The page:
CBP Agriculture Specialists at South Texas Ports of Entry Ensure Mothers Day Plants and Flowers are Disease and Pest-Free

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LAREDO, Texas – With the arrival of Mother’s Day this weekend, U.S. Customs and Border Protection (CBP) agriculture specialists at South Texas ports of entry continue to conduct examinations and maintain strict vigilance to ensure that personal and commercial importations of flowers are free from insects, pests and diseases that could harm the agricultural and floral industries of the United States.

“As we live in vibrant communities in South Texas with families that stretch across both sides of the border, it is not uncommon to meet travelers who bring flower arrangements to their mothers," said Director, Field Operations David P. Higgerson, Laredo Field Office. "To avoid unnecessary delays or fines, we encourage travelers to consult the 'Know Before You Go' guide and declare all agricultural items purchased in Mexico."

CBP advises travelers to consult the 'Know
Before You Go' guide and declare floral
arrangements and all agricultural items acquired
in Mexico to avoid unnecessary delays, fines.

While a relatively small number of harmful pests are discovered among the millions of stems inspected by CBP, a single dangerous pest could cause millions of dollars of damage to our nation’s crops.

In advance of this traditionally busy period for floral imports, CBP is reminding border crossers who plan to import flowers and plants from Mexico to advise their florist that the arrangements are destined for U.S. delivery. Some flowers and plant materials commonly found in floral arrangements are prohibited, including gladiolas, chrysanthemums and choysia (a green citrus-like floral filler) due to pest risk.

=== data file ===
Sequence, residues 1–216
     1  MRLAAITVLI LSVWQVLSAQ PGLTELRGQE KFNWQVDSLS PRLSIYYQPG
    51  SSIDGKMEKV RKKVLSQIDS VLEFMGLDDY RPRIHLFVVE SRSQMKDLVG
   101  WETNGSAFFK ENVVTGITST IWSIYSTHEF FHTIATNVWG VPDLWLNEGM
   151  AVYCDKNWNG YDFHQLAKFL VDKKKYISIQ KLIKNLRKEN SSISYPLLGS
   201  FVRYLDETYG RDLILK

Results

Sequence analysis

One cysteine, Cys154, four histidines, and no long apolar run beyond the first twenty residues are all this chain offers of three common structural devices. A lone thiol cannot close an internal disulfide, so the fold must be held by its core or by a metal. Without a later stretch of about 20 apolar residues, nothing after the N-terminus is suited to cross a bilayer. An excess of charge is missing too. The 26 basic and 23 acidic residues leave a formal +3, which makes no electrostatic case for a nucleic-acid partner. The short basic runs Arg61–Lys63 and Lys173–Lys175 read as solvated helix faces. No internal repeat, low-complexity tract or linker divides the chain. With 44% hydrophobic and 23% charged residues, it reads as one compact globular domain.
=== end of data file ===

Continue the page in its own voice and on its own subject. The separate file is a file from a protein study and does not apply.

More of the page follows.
CBP recommends that people who wish to import flowers, plant materials, and other agricultural items consult the CBP Info Center section on the CBP website before they travel. This link addresses cut flower importations.

Cross-border travelers should also declare all items they’ve acquired abroad to CBP officers upon entry to avoid possible civil or criminal penalties.

Traditionally, Mother’s Day, Valentine’s Day and the Easter holiday weekend are times when CBP agriculture specialists are very busy inspecting floral arrangements. At international ports of entry, land borders, and international mail facilities, CBP agriculture specialists are the front line in the fight against the introduction of insect pests and diseases into the United States.

In terms of commercial importations of cut flowers, the top five varieties examined by CBP agriculture specialists nationwide in FYTD 2018 include roses, mixed bouquets, dianthus, chrysanthemums and rose bouquets. The top five countries of origin for commercial flower imports are: Colombia, Ecuador, Mexico, Netherlands and Costa Rica.

Please bear in mind that chysanthemums are prohibited from personal use importation due to pest risk.

U.S. Customs and Border Protection is the unified border agency within the Department of Homeland Security charged with the management, control and protection of our nation's borders at and between the official ports of entry. CBP is charged with keeping terrorists and terrorist weapons out of the country while enforcing hundreds of U.S. laws.

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